Going It Alone: The Case for Black American Independence (Part 1)



Black American history, as it pertains to the issue of statehood and self-determination, can be aptly characterized as a patchwork of missed opportunities, dashed hopes and incredible promise. Black Americans exist in the US, in multiple ways, as the loudest living contradiction to the American narrative. A narrative that tells of distal peoples voluntarily traversing both ocean and sea to lay their claim to a hitherto unbeknownst world. A world where equality and liberty, if not immediately granted, could be had with the right mix of diligence and determination. All groups in America possess this common narrative, which aids in forming the American multicultural identity. This identity in turn binds each, otherwise fragmented group into a nation giving impetuous to the creation of the nation-state we know today as the United States of America.

One can easily argue, that Black Americans have been, from the very outset of the American adventure, excluded from this crucial narrative. This fact serves to permanently relegate Black Americans as a group, to a field of distinction apart from its other supposedly co-equal counterparts. Black Americans did not come to America of their own accord in order to seek their fortunes as most Americans at one point have. Black Americans were brought to the United States and the Americas at large, against their own volition, to bolster the power structure of another independent actor. This fact creates a pervasive schism in the historical ties between Black Americans and the wider multicultural America. This schism has served to keep the interests of Black America and the wider multicultural democracy largely separate and along divergent tracks. One need only look at the disparate social indicators to find already present in America, a polarization between the Black American population and that of the dominant racial demographic.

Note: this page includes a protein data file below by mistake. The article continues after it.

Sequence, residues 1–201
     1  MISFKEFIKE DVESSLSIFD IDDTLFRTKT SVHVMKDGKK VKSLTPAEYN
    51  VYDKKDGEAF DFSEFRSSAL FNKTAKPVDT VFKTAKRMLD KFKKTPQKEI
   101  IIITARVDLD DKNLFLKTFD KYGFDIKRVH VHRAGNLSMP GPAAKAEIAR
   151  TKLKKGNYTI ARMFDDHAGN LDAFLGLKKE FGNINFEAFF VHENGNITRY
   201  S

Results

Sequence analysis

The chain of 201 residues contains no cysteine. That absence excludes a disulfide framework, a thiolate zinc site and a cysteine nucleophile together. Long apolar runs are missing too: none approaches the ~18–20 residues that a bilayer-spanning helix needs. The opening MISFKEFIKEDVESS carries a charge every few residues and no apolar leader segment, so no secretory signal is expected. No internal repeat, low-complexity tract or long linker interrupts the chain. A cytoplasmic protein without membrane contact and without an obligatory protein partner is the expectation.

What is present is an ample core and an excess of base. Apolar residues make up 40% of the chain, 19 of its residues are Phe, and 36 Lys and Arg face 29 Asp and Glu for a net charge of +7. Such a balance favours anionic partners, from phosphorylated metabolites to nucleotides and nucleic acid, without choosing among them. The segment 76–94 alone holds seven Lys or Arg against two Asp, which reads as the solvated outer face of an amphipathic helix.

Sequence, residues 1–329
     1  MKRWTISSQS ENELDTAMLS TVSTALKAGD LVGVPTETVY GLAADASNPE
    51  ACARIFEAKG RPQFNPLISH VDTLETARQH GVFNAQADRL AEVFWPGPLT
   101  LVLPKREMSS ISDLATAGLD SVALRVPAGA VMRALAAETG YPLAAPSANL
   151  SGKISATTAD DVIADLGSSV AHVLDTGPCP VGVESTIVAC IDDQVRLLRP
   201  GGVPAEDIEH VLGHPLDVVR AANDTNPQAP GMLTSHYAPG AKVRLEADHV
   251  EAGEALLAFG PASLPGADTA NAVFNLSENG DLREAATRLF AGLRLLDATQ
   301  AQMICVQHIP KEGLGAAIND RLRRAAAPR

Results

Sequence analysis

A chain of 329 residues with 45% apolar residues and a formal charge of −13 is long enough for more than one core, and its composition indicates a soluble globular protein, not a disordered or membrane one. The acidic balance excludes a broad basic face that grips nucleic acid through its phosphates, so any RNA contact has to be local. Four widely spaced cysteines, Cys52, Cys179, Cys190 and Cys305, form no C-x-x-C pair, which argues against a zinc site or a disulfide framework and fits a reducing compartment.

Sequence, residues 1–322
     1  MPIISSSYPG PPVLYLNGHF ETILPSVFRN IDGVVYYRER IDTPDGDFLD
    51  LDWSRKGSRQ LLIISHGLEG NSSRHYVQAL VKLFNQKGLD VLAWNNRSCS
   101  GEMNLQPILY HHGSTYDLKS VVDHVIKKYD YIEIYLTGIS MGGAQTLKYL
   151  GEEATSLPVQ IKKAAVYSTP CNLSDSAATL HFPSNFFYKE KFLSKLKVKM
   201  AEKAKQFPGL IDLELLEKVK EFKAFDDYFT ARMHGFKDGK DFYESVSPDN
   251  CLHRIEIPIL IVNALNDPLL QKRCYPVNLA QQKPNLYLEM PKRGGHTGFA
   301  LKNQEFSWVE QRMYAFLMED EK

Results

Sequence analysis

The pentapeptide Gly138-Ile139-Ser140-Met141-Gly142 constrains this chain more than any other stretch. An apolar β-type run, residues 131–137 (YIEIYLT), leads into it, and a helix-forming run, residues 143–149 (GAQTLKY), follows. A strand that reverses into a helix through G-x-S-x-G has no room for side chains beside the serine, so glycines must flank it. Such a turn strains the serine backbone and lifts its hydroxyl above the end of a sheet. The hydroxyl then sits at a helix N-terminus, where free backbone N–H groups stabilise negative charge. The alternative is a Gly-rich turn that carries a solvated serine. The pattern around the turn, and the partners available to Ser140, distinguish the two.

Though united in name and polity—social statistics, culture, and history give credence to the concept of Black divergence in identity from the wider American discourse. History stands replete with examples of nations who have sought removal from political power structures as a consequence of the breakdown in legitimacy that results from pervasive disparities in identification with the larger political community of which they exist. For the purpose of this study, comparative analysis will be confined to four instances of political dissolution: The Irish Republican Revolution of 1912-1923, the American independence struggle between 1765-1789, the semi-autonomous state of Taiwan from 1947-1949 and lastly, but largely, Zionism between 1933-1948.

This study contends to identify the empirical roadblocks to Black American independence, and put forth equally pragmatic solutions to negotiate those obstacles. It will also underline the compelling tradition of Black American pursuit of autonomy, rather than inclusion, which has falsely and suspiciously emerged as the traditional political mission of Black Americans. This paper is in many ways a continuation of Lee Harris’s work, Political Autonomy As A Form Of Reparations To Black Americans, 29 S.U.L. Rev. 25 (2001), which exists as one exception to the serious attention deficit the Black American community exhibits in regards to the topic of self-determination and independence. Where the author in that work makes a case for the narrow question of reparations with a general prescription of political autonomy, this work seeks to unearth the mechanics from which political autonomy can be achieved. It will field both established international relations concepts as well as novel answers to the unique political challenges that Black Americans face in achieving political independence. It will also convey the clear socioeconomic basis for the pursuit of independence and why Black Americans, now in the year 2016, should consider going it alone, as the surest path towards their age-old quest for autonomy and universal freedom.


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